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Futa Catgirl

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After Action Report". The Virginian-Pilot. 2007-10-07. Archived from the original on 2016-09-14 . Retrieved 2013-02-03. In Kenji Miyazawa's 1924 work, Suisenzuki no Yokka ( 水仙月の四日, literally The 4th of Narcissus Month) is the first modern day example of a beautiful, cat-eared woman. [3] In 1936, the nekomusume experienced a revival in kamishibai. [2] The first anime involving catgirls, titled The King’s Tail ( Ousama no Shippo), was made in 1949 by Mitsuyo Seo. [ citation needed] In America, the DC Comics character Catwoman first appeared in 1940, and Cheetah first appeared in 1943. [4] Jaqueline Berndt (1995). Phänomen Manga: Comic-Kulture in Japan (in German). Berlin: Edition q. p.111. ISBN 3-86124-289-3. Wallace, Daniel (2010). "1940s". In Dolan, Hannah (ed.). DC Comics Year By Year A Visual Chronicle. Dorling Kindersley. p.31. ISBN 978-0-7566-6742-9. The first issue of Batman's self-titled comic written by Bill Finger and drawn by Bob Kane, represented a milestone in more ways than one. With Robin now a partner to the Caped Crusader, villains needed to rise to the challenge, and this issue introduced two future legends: the Joker and Catwoman.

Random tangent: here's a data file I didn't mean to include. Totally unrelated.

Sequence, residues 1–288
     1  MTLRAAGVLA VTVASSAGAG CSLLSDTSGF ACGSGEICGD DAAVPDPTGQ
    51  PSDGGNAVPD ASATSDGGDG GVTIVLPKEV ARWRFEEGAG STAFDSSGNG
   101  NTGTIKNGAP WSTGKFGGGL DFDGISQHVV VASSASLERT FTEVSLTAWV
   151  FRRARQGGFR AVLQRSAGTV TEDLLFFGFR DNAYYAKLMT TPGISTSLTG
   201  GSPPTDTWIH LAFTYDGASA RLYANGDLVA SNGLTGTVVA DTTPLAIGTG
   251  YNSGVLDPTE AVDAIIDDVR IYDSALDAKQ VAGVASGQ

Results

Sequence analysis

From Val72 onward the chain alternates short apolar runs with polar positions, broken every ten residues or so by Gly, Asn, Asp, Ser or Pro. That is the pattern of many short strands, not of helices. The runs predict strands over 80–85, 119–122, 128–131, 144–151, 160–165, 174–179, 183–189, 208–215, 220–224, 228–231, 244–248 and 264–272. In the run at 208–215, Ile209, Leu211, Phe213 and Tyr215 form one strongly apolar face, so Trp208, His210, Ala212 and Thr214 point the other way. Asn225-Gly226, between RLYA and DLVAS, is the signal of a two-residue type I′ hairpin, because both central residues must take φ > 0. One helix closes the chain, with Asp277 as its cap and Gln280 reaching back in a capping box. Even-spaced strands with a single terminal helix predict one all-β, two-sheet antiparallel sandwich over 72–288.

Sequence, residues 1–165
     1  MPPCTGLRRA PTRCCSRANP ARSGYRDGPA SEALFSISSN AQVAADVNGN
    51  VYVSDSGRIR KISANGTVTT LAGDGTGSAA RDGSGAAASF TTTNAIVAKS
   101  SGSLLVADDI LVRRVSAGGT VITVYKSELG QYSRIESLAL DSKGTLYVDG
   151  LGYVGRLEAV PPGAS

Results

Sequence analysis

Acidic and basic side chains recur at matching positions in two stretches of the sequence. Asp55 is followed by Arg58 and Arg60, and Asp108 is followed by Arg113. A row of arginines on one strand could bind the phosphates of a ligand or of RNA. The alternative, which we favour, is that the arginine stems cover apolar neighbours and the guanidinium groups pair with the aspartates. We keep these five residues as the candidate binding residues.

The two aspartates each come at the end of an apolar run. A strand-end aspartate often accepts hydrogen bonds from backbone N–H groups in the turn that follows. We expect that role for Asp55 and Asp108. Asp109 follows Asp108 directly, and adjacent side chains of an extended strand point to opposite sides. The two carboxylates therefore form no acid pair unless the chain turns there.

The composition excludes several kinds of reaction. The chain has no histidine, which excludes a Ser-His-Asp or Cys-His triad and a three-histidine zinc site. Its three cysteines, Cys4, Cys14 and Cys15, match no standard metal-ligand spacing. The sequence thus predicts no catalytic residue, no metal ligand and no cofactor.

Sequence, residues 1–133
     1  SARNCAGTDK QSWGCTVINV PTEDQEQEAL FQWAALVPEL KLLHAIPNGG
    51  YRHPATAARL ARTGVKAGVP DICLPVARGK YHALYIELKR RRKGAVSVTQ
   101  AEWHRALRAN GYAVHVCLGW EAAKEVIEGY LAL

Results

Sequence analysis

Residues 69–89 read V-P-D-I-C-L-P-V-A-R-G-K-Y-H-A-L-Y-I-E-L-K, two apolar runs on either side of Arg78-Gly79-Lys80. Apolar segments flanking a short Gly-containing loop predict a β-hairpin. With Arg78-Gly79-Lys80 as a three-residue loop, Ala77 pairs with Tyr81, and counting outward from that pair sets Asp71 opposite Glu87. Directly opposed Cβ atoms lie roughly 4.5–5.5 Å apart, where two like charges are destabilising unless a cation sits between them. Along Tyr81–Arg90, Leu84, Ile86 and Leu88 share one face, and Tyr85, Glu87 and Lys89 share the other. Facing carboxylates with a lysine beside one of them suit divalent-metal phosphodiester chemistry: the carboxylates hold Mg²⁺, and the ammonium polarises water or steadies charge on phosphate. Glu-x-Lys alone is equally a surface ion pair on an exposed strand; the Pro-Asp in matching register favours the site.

Japanese philosopher Hiroki Azuma has stated that catgirl characteristics such as cat ears and feline speech patterns are examples of moe-elements. Azuma argued that although some otaku sexual expression involves catgirl imagery, few otaku have the sexual awareness to understand how such imagery can be perceived as perverted. [6] [8] Catgirls were further made popular in 1978 manga series The Star of Cottonland, by Yumiko Ōshima. [5] By the 1990s, catgirls were common in Japanese anime and manga. [6] Catgirls have since been featured in various media worldwide. Enough of a subculture has developed for various themed conventions and events to be held around the world, such as Nekocon. [7] Reception [ edit ] Noonan, T. A. (Fall 2010). " "I Can't Get Excited for a Child, Ritsuka": Intersections of Gender, Identity, and Audience Ambiguity in Yun Kôga's Loveless" (PDF). MP: An Online Feminist Journal. 3 (2). ISSN 1939-330X . Retrieved 10 February 2013. The oldest mention of the term nekomusume comes from an 18th-century misemono (見世物) in which a cat/woman hybrid was displayed. [2] Stories of shape-shifting bakeneko prostitutes were popular during the Edo Period. [2] The popularity of the nekomusume continued throughout the Edo and Shōwa periods, with many tales of cat/woman hybrids appearing in works such as the Ehon Sayoshigure ( 絵本小夜時雨) and Ansei zakki ( 安政雑記). [2]a b Azuma, Hiroki (2009). Otaku: Japan's database animals. Translated by Abel, Jonathan; Kono, Shion (Englished.). Minneapolis: University of Minnesota Press. pp. 47, 89. ISBN 9780816668007. OCLC 527737445. A catgirl ( 猫娘, nekomusume) is a female kemonomimi character with feline traits, such as cat ears ( 猫耳, nekomimi ), a cat tail, or other feline characteristics on an otherwise human body. Catgirls are found in various fiction genres and in particular Japanese anime and manga. [1] Catboy is a term for a male equivalent of said character type. In a 2010 critique of the manga series Loveless, the feminist writer T. A. Noonan argued that, in Japanese culture, catgirl characteristics have a similar role to that of the Playboy bunny in western culture, serving as a fetishization of youthful innocence. [9] See also [ edit ]

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